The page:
In my previous article on Darwinian Difficulty, there was a brief look, relating to Demon’s Souls, at the concept of Subjective Difficulty. However, the concept of Subjective Difficulty is not restricted to brutally hard titles, and one of the most famous and accessible franchises of all time has been an example of this since 1996.
Before we continue, it’s important to define two terms for the sake of this article:
Subjective Difficulty. Designing a challenge so that its severity is based on the player’s skill level.
Safety Net. The degree to which the player can mess up and still succeed at the specific challenge.
Technically, we can argue that any challenge in a game is subjective by skill; someone who is a grand master at Street Fighter is not going to have the same problems with arcade mode as a player that has never touched a fighting game before. The key component in Subjective Difficulty, however, is that specific challenges are designed for different skill levels at the same time.
To achieve this, the player must have access to all (or most) of the available mechanics from the get-go. In order to design levels that allow different levels of skill to work, the player must have the option to use all the mechanics. If the levels are only designed around using one or two of the available mechanics, then it’s not Subjective Difficulty, as both the novice and expert players are limited to the exact same thing.
With that said, there are a few considerations to understand about Subjective Difficulty. First is that unlocking mechanics as a form of progression is not considered Subjective Difficulty. If you have ever played a Metroid game, or the latest 2D Castlevania titles, there are always paths or sections along the main route that are blocked or inaccessible. As the player explores the game, they’ll fight a boss or find a power-up that unlocks a new mechanic that can be used to enter the previously inaccessible area.
The point of contention is that it’s not the player’s fault that the area could not be reached, but the designer limiting the mechanics available. An expert player in Castlevania, no matter how good they are, will take the same path through the game as someone who is brand new.
Second is that the traditional use of difficulty levels is also not an example of Subjective Difficulty. Going back to the concept of the safety net, when the only difference between difficulty levels is stat-based (i.e., on “easy”, enemies do less damage, but on “hard”, enemies do more damage) then all the designer is doing is raising or lower the safety net based on the difficulty setting.
However, that doesn’t mean that difficulty levels aren’t a factor. God Hand for the PlayStation 2 has two forms of difficulty. At the start of the game, the player chooses a difficult level; this in turn affects the second layer. During play, at all times a meter in the bottom left of the screen displays the current difficulty level.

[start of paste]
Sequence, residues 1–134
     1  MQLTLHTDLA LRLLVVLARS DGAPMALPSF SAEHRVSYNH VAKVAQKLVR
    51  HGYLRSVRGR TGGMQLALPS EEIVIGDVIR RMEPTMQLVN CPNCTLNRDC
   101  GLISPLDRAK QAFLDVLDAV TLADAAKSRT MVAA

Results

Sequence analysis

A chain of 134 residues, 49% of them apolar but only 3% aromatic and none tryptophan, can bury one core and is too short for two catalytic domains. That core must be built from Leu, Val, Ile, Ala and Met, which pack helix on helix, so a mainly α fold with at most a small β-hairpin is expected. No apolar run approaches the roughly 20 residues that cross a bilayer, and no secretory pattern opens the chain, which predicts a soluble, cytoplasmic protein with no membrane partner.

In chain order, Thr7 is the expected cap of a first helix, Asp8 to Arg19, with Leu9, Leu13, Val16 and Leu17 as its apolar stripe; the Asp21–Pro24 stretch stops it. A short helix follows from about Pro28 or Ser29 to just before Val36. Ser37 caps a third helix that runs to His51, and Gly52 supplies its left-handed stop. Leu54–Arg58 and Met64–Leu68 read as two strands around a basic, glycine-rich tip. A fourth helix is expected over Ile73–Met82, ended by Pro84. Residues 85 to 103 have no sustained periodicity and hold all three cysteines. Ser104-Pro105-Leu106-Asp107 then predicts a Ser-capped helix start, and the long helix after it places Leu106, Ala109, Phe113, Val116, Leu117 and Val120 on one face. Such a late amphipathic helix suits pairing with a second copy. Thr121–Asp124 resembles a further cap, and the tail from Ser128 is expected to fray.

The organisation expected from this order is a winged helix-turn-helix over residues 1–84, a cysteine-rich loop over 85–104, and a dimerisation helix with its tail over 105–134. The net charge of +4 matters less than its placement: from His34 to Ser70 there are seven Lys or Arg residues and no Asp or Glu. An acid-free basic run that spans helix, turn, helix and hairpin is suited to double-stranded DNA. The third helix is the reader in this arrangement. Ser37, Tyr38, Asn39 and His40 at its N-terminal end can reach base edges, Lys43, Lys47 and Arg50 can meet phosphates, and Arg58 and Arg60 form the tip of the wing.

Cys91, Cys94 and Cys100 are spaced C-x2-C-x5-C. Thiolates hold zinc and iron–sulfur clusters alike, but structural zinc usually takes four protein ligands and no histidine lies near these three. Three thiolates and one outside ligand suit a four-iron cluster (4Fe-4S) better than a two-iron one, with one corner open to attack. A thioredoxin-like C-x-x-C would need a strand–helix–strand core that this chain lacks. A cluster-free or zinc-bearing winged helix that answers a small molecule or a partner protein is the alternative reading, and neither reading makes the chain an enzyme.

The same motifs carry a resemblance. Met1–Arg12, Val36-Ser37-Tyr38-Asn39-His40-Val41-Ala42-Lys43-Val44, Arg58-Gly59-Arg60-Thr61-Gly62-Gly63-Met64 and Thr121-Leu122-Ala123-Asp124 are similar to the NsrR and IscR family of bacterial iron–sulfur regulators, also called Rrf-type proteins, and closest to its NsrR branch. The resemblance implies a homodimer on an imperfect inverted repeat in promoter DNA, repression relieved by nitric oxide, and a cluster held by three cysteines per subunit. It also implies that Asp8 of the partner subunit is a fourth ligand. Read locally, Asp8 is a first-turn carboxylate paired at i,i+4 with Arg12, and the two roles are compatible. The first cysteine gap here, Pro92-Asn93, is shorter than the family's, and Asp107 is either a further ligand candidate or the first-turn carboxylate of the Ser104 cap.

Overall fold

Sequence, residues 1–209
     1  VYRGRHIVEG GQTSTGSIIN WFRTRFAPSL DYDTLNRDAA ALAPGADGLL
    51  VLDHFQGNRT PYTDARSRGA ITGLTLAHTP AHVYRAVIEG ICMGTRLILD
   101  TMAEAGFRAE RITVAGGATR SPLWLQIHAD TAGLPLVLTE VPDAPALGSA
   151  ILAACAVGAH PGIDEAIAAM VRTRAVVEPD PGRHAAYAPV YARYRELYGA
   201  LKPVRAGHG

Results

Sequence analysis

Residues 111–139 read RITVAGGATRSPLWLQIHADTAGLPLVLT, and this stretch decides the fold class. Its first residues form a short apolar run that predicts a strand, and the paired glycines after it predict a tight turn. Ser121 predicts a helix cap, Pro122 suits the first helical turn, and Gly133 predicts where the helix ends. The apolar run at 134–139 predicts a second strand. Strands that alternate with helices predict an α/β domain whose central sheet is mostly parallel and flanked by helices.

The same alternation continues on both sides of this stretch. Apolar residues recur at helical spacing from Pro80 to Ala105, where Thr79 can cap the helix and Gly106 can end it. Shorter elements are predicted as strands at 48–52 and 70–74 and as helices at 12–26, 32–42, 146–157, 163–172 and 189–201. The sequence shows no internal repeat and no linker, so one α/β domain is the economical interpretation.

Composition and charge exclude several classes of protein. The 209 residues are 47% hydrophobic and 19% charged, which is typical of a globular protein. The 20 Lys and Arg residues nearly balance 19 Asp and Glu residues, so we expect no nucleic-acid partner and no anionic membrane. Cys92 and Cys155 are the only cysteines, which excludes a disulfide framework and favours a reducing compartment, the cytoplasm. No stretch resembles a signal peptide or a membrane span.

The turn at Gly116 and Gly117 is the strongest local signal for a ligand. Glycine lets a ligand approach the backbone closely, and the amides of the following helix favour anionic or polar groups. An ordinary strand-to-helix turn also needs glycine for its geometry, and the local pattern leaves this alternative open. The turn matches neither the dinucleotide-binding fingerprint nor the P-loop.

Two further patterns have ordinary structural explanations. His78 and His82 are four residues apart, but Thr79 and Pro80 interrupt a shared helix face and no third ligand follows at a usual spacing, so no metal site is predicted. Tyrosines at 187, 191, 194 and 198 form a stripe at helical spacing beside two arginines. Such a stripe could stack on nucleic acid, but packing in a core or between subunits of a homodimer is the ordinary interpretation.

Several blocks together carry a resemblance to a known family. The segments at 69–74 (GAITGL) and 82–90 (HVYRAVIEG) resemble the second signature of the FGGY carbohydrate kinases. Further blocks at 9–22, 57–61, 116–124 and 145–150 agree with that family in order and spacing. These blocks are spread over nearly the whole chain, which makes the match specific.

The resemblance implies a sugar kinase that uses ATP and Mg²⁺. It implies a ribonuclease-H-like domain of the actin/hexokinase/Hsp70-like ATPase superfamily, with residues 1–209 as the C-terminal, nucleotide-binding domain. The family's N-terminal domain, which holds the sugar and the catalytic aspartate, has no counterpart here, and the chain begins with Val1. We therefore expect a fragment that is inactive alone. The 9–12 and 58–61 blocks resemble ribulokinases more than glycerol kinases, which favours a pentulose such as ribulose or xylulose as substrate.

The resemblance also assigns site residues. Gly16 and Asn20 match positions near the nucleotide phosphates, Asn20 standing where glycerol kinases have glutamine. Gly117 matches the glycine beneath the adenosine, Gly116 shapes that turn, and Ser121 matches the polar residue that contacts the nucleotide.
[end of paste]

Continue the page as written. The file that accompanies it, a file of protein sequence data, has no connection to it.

The difficulty of the game can fluctuate between Level 0 and Level Die (or 6) based on the player’s performance. Taking significant damage or dying will lower the meter, which will drop the level down. The more the player avoids damage while continuing to make progress, the higher the level will rise.
The level of difficulty affects two things. First, it affects how aggressive the AI is. The lower the number, the less likely enemies will counterattack, attack in groups, or use their stronger attacks with the opposite more frequent at higher levels. The second detail is that at the higher levels (specifically Level Die) more (and more difficult) enemies will show up in the levels, forcing the player to adapt. Going back to the initial difficulty level at the start, the only things it determines is the starting level of the meter and how high it can go.
Playing God Hand, the game attempts to match the player’s skill level by raising or lowering the difficulty. Both a novice player and a skilled player are going to take the same path through the level, but what a novice player will be facing will be different compared to someone who is consistently performing well.
Another form of Subjective Difficulty is providing different variations of the same challenge. Games like Tony Hawk’s Project 8 or Banjo-Kazooie: Nuts & Bolts each feature challenges with basic, advanced and expert goals.
Every challenge in the games has a bare minimum to complete to get a bronze medal, which is the easiest way to finish it. There are also more difficult ways to attempt challenges, which could earn players a silver or gold medal. For example: in Project 8, completing a race while placing at least 5th would be a bronze award, placing 2nd gives silver, and placing 1st while finishing the race in under 2 minutes awards gold.
These harder considerations are always available to the player to try if they want and be awarded accordingly, but getting the bronze (or silver) award is good enough to check that challenge off as being “completed”.
This system is also popular in many smartphone games. A variation on it in the popular Cut the Rope finds players striving to capture three stars in each level — which are not essential for completion, but are necessary for completists.